Opinion: When Christmas goes, we stop giving

Andrea Hefferan | Staff Writer

Christmas time brings joy, hope, and cheer. This season highlights everyone’s best qualities. There are smiles on every person’s face. We are all helping each other out as best we can. It is what makes this time of year so magical.

Inevitably, the spell is broken. The magic ends. As soon as winter break is behind us, we resume living our boring, ordinary lives. Our selfish lives.

No longer will we go down to Matthew 25 every weekend. No longer will we freely donate to much-needed causes. No longer will we pay for the person behind us at Starbucks. It is back to the well-oiled machine that is our daily routine. The problem is, need does not disappear just because we forget about it.

The holidays are the time when we suddenly become aware of how much is needed even in our own community. When the season is over, the lenses are removed and we neglect to think of others. But the people in need require just as much in the middle of July as they do in December. They are likely only getting what is necessary for them during the latter.

During these months, we love doing service projects and are more than willing to spare a couple of dollars for that fundraiser our school is holding. Everyone is asking for something, and we feel compelled to donate what we can. It is almost an unspoken competition between us–how much we can give. But for some reason, the end of the Christmas season seems to be the end of our goodwill, too.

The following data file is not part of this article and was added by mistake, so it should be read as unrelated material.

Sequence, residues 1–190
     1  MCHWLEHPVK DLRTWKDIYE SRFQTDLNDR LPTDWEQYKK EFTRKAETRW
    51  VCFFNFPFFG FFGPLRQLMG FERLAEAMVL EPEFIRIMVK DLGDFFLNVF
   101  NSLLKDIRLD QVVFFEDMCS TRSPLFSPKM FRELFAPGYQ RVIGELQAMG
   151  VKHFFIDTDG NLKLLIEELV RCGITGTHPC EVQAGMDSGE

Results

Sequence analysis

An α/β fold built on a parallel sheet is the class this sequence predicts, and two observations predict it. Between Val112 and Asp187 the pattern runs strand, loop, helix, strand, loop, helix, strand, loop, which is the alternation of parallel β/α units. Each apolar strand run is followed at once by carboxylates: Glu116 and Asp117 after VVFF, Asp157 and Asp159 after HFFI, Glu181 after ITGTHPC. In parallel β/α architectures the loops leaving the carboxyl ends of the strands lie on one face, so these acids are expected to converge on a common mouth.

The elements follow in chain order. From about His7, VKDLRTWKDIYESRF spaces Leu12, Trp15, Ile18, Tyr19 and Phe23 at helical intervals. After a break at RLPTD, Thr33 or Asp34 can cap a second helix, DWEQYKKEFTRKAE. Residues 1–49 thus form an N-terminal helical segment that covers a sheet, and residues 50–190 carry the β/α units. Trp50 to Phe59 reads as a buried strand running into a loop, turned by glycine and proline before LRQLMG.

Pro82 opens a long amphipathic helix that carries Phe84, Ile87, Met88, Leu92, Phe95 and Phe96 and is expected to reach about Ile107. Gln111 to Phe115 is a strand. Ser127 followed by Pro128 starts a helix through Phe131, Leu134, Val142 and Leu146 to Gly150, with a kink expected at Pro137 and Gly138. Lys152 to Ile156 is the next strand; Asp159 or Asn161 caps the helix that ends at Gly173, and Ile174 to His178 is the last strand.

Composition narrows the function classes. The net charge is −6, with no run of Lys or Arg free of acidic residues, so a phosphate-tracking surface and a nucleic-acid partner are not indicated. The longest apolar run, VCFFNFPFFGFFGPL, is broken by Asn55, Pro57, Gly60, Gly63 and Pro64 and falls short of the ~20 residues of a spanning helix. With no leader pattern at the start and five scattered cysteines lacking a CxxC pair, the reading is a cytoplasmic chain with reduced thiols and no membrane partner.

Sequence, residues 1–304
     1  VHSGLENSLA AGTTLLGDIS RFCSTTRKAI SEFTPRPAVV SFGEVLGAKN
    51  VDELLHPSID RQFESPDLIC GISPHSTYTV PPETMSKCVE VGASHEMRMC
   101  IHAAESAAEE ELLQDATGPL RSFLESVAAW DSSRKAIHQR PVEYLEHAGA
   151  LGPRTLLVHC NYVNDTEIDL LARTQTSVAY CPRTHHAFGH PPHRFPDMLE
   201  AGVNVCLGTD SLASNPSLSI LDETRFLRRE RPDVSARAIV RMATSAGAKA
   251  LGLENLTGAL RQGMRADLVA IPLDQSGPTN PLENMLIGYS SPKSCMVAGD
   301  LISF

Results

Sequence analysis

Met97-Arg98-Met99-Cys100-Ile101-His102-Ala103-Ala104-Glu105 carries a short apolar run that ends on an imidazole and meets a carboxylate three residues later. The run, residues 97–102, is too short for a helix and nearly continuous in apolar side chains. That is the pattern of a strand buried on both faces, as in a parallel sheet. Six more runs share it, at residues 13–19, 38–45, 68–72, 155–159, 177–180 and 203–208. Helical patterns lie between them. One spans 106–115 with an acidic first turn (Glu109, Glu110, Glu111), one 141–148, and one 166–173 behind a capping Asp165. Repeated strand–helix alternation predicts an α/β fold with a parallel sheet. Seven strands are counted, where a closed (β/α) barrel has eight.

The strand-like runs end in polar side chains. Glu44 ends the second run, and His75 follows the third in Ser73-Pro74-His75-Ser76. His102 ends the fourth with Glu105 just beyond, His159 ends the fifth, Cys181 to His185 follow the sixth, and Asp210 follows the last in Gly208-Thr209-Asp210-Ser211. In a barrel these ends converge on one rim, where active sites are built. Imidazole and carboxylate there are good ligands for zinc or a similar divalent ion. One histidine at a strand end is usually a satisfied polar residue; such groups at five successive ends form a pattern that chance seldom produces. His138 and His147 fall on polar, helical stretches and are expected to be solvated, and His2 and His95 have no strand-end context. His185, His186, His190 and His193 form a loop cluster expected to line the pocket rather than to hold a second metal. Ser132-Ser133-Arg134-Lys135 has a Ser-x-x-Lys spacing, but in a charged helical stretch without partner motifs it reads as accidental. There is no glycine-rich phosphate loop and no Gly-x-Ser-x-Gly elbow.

We are not going out of our way to avoid donating, but after Christmas, it is a little harder to get into our pocketbooks. Reluctantly, we might give some spare change. Weekends will be spent doing homework or hanging out with friends. All of those places that are crowded with volunteers during Christmas are empty.

And it is not for a lack of money, or time. Between Black Friday and New Year’s Day, our money is spent faster than you can say “Merry Christmas.” Yet we still find enough cash to give to all of the charities that come knocking at our door. And while it can be hard to find time to volunteer, if we truly enjoyed doing it and made it a priority for us, we would make time for it; however, for most of us it is not, so we put it on the backburner until next year.   

We need to continue our holly jolly giving spree beyond merely these three weeks. Being kind and generous is a year round obligation that we must fulfill. If we have the means, we should give just as much as we do during the holidays throughout the entire year. Whether it be our time, talents, or treasure, anything we give will be appreciated–whether there be snow on the ground or not.